Gladys Fang

F*cking Decent is a chimera of a play: The head a borderline neurotic woman talking of her long-dead mother, the body a cynical, depressed man waiting for a miracle from God. And flying them off to Land’s End are the widespread wings of a queer man arriving in San Francisco at the ripe age of nineteen. At the heart of the animal lies a deep well of morality, going by the name of the National Endowment for the Arts (NEA).

The story goes like this: four artists — Karen Finley, John Fleck, Holly Hughes and Tim Miller — independently put on shows centered on their raw experience of life. The general public and the leadership of the NEA took offense and felt that taxpayer money should not be used to fund such immorality. As a result, the artists’ federal funding was cut. The performance F*cking Decent is a mosaic of the plays of Fleck, Hughes, and Miller (the show’s programme ironically reads “You will not see a restaging of Karen Finley’s work. The artist will not allow us to perform it.”) interspersed with audio recordings of the NEA’s justification for the cancellation of federal funds.

The play, like the works it is based on, starts out by shocking its audience out of complacency via full-frontal nudity. The actress walks onto the stage fully naked and traverses the three different set-ups for the different plays: a big red couch, a wheelbarrow filled with dirt and a toilet seat with bottles of urine scattered around. The naked actress bites into a fully grown, red, juicy apple — an act so sultry that it almost elides the religious reference of Eve and the apple.

There is a naughty wink at religion every step of the way. The young man’s monologue starts off by analyzing how gardens have changed from the original Garden of Eden. The toilet seat of the middle-aged heretic displays a religious portrait underneath the seat cover and the miracle he asks for from God shows up in the form of a fish inside the toilet bowl.

This religious imagery pairs well with the underlying investigations of morality. The same tapes are repeated over and over again, claiming that the decision of the NEA had nothing to do with censorship but rather concerns itself with the proper use of citizens’ money. It speaks of the plays as “rotten, indecent, abhorrent.”

Perhaps there is truth in this viewpoint: after all, why should a decent citizen of the United States work day and night to fund an artist physically making love to the state of California on stage (a magnificent sequence that ends with the cringe-worthy yet endearing line “California, here I come!”)? Why should the government endorse a clearly unstable woman recounting when her mother undressed herself in front of her to teach her about the truth of life?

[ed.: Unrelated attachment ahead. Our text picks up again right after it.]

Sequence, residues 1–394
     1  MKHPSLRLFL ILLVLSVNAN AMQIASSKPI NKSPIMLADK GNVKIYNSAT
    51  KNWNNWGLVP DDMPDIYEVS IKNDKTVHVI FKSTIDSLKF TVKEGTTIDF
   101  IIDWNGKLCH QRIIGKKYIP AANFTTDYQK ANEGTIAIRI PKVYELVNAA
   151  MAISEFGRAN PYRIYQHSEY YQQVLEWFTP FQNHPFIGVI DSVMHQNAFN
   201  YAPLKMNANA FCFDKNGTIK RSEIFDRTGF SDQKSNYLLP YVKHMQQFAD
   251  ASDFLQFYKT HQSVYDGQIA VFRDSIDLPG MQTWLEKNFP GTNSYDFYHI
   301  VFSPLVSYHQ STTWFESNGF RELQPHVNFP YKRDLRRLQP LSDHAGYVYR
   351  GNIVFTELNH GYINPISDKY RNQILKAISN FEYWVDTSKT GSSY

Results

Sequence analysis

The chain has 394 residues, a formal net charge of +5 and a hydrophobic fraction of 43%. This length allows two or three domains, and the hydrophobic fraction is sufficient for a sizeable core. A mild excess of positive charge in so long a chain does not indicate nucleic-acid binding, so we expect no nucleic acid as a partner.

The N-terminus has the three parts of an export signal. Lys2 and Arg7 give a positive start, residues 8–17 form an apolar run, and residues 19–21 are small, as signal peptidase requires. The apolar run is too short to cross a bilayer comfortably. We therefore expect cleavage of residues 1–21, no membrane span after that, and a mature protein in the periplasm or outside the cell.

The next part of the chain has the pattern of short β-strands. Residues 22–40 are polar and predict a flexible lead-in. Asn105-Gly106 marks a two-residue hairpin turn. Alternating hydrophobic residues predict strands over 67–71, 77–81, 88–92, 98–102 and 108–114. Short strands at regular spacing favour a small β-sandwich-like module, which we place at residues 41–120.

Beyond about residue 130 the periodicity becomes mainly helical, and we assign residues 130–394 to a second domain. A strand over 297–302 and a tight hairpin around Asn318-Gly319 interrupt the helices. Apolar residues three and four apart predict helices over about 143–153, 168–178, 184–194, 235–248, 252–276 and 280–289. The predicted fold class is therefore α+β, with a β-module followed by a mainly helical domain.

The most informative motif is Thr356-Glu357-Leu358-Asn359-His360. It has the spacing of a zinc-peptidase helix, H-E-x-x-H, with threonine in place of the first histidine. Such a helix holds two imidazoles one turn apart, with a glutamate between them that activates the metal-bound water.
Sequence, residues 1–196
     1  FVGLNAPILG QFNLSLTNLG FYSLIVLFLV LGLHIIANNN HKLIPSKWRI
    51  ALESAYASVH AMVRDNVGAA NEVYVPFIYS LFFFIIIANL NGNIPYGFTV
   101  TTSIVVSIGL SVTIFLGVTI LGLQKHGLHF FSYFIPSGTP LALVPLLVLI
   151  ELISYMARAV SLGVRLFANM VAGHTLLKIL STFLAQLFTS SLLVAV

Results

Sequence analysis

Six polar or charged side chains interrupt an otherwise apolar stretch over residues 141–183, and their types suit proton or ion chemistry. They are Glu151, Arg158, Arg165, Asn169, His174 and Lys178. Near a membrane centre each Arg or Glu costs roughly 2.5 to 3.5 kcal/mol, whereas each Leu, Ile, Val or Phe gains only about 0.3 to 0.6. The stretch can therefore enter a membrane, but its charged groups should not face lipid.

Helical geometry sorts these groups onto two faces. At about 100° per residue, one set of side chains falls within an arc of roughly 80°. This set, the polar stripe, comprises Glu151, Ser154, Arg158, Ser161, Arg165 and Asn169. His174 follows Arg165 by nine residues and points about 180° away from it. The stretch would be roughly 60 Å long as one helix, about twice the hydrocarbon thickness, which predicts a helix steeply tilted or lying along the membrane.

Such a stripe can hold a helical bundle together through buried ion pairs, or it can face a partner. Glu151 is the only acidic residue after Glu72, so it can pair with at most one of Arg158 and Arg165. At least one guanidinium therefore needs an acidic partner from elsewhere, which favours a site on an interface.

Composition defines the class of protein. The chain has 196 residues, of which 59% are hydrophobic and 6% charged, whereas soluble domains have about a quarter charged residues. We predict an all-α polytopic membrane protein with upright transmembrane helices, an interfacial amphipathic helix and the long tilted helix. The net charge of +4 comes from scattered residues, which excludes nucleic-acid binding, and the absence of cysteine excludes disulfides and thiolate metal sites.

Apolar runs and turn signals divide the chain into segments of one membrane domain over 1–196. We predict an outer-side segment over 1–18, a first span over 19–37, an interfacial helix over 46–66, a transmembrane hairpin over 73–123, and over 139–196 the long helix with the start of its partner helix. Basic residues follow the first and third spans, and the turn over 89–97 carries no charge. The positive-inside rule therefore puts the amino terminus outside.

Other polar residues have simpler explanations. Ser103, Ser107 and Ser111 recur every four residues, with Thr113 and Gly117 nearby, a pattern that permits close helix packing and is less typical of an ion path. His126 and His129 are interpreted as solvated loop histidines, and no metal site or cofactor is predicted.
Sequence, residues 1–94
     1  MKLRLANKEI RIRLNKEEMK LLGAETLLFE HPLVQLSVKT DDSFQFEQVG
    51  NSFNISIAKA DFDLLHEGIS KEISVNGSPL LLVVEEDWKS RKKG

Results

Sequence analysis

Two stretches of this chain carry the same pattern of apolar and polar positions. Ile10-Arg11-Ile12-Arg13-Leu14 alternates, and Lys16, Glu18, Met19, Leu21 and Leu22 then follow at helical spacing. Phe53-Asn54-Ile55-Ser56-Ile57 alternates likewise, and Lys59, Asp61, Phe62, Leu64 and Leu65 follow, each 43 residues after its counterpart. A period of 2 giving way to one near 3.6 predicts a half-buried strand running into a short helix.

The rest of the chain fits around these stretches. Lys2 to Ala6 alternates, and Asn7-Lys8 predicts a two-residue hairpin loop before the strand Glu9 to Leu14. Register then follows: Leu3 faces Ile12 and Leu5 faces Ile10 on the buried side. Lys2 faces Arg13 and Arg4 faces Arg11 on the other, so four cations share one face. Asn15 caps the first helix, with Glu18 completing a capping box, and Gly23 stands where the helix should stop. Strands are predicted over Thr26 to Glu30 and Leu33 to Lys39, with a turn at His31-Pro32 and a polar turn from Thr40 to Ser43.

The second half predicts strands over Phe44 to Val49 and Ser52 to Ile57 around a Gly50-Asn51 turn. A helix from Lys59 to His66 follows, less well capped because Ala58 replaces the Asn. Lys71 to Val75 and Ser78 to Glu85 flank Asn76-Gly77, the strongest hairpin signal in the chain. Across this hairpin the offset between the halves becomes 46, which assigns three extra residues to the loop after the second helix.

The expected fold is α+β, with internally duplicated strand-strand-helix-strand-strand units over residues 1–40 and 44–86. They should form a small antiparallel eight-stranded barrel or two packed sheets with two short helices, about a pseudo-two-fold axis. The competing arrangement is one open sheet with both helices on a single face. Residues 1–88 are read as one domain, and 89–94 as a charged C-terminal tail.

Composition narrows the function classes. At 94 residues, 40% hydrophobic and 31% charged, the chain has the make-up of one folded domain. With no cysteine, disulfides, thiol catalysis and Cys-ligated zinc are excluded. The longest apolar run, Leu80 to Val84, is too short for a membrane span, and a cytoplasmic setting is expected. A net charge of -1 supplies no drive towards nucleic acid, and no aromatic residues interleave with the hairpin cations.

The most ordinary response to this argument is that if we start censoring certain things according to our sense of decency, we may fail to accommodate society’s shifting conceptions of morality. There is support for this logic in the play itself: homosexual content is described as being “against the values of our society.” From today’s perspective, this attitude is deeply problematic. As demonstrated by this shift, any kind of censorship in a certain era might come to be considered unacceptable.

Despite its bold title and graphic scenes, by the end F*cking Decent doesn’t feel like a play whose only aim is to rebel against the morality police. The nakedness and sex are not present simply to test the limits of acceptability, but because they truthfully speak to the experiences of the artists. Thus, the question of censorship becomes less intellectual and completely personal: how can the life experience of a person be viewed in terms of how moral it is, and be accepted only if it falls within societal limits?

The fear is clearly visible on the actress’s face as an ominous voice repeats again and again that a play based on the playwrights’ autobiographical experience is too indecent, too gross, “not pleasing to the eye.” This fear and this personal tragedy is the play’s response to censorship. Within this context, the debate is no longer about ideas but about people. If a government entity can decide on the appropriateness of an experience, can they do the same to people?

By the final scene, the actress is naked again and planting herself in a pile of dirt, letting her roots sink in, reminding herself that “this is home.” Despite the fact that many people refuse to watch what she has gone through, she has nonetheless arrived.